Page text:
National Security

Yeah, About That Nuclear Deal...

Congressional Democrats duke it out over a proposal to involve Congress.

Apr. 13, 2015
Bob Corker

Congressional Democrats began a coordinated attack last week against the effort to give Congress a say in the nuclear deal with Iran. Sen. Bob Corker (R-TN) has proposed legislation that would make Congress, not the president, the deciding authority on whether or not to relieve sanctions against Iran, since those sanctions were put in place by Congress. Some Democrats are on board with Corker’s plan, but will they hold the line?

Corker has numerous allies on both sides of the aisle, most prominent among them Sen. Bob Menendez (D-NJ), who reiterated his strong support despite being embroiled in bribery and corruption charges. On the other hand, Rep. Nancy Pelosi (D-featist) and Sen. Barbara Boxer (D-CA) both declared opposition to Corker’s proposed legislation. It “represents an unnecessary hurdle to achieving a strong, final agreement,” Pelosi said, and Boxer added it “could derail a once-in-a-lifetime opportunity to deal with this looming threat.” Pelosi and Boxer clearly want to protect Barack Obama’s goal of getting a deal across the finish line before anyone can see what it entails. Sound familiar?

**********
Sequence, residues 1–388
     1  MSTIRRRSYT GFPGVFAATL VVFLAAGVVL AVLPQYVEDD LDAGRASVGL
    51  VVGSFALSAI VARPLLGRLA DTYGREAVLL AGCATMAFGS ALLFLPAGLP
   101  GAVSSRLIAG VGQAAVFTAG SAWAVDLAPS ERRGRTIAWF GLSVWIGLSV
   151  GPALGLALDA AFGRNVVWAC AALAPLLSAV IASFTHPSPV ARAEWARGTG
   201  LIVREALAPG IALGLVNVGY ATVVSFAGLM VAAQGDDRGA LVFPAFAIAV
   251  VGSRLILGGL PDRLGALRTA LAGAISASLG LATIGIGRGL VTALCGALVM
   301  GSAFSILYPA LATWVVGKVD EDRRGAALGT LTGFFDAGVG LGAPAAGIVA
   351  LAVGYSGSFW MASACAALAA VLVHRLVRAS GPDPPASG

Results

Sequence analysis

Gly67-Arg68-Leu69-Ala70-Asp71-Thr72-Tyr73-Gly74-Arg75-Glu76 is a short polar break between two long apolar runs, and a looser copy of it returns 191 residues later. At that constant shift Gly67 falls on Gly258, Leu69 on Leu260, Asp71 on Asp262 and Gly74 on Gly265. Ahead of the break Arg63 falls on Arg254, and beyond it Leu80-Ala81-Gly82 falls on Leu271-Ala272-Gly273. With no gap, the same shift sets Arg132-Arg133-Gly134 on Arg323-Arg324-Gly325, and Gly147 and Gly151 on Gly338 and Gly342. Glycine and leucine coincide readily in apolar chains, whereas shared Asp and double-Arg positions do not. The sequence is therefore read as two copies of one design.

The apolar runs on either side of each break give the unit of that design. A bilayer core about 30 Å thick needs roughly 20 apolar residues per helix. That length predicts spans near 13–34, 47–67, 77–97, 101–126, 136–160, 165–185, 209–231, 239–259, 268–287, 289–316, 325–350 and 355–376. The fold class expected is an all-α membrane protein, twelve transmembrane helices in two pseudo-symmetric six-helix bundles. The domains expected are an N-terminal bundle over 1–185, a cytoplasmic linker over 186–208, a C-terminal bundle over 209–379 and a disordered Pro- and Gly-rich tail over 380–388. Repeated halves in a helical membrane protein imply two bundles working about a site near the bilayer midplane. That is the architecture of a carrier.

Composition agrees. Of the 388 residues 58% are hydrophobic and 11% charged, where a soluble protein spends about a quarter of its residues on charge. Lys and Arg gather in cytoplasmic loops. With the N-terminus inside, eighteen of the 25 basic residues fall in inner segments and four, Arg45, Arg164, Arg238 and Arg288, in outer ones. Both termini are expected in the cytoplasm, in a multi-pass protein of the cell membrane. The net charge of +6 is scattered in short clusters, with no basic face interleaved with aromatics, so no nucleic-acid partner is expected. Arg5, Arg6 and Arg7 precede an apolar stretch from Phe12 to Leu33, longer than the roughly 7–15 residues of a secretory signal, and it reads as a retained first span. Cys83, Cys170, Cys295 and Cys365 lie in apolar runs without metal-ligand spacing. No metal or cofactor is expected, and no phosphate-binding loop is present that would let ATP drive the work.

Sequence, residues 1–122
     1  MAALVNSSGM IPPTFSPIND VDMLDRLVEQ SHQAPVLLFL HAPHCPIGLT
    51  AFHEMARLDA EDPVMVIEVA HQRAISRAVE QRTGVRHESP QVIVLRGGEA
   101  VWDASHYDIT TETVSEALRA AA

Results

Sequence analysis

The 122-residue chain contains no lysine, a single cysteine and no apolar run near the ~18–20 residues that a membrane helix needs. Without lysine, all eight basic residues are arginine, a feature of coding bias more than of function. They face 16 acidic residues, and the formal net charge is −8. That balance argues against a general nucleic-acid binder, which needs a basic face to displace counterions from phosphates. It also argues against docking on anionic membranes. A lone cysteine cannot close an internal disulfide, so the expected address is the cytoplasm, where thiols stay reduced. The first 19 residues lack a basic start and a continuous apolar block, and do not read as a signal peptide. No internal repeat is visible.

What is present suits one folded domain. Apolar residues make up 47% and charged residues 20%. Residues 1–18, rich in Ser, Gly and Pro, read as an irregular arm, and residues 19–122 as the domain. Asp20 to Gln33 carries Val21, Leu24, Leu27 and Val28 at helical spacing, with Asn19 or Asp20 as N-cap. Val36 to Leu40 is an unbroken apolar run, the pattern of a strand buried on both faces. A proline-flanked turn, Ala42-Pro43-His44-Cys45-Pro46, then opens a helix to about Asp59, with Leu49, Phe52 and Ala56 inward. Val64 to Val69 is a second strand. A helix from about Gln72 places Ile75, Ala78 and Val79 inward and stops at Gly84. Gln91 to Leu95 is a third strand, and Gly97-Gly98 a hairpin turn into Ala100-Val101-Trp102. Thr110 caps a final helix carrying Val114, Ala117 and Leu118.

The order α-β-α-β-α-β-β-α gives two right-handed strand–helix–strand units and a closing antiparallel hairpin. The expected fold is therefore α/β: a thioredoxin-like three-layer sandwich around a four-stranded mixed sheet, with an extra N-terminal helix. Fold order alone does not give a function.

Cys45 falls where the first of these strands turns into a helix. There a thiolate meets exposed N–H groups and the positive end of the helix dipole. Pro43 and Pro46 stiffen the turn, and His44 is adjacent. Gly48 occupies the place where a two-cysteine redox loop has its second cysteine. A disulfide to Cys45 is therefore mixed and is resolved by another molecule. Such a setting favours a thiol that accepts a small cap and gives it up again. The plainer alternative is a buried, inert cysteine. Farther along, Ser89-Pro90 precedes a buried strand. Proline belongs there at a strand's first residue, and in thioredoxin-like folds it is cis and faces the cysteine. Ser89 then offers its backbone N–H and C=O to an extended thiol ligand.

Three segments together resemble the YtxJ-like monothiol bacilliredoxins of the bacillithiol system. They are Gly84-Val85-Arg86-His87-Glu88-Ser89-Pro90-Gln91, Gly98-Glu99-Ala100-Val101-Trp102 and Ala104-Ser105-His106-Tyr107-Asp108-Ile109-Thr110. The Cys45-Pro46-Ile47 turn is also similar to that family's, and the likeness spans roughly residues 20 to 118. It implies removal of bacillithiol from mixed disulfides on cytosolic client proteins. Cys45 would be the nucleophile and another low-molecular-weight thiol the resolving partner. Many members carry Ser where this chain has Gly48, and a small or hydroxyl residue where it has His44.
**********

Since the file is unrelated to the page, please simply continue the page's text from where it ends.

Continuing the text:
Both parties are digging in for a fight that will play out over the next two weeks.

Fortunately, as he so often does, the president provided some needed clarity on the issue late last week, which should make obvious where this deal is (or more accurately, isn’t) going. Except that would be President Hassan Rouhani of Iran, who could not have been clearer: “We will not sign any deal unless on the very first day of its implementation all economic sanctions against Iran are lifted all at once.”

Lest anyone think Rouhani was acting on his own, Supreme Leader Ali Khamenei added, “What has happened so far will neither guarantee the agreement itself nor its content. It will not even guarantee completion of the negotiations.”

Iran clearly does not agree that a deal has been reached even in principle, despite Obama’s triumphant announcement last week. Iran’s demand for complete sanctions relief on Day 1 is a non-starter, even for Boxer and most other Democrats.

We said last week we were guardedly optimistic this deal would collapse under its own weight, including among other things Iran’s demand for immediate sanctions relief. After hearing from Rouhani and Khamenei, we are even more optimistic. Since Iran has all but refused a deal that was about as favorable as they could have hoped for, we will soon be back where we started 18 months ago. Iran has refused to take “yes” for an answer. Now the P5+1 — and the larger UN — will have to decide if their word means anything, and whether Iran will be held to the terms of six UN Security Council Resolutions and the Non-Proliferation Treaty itself.

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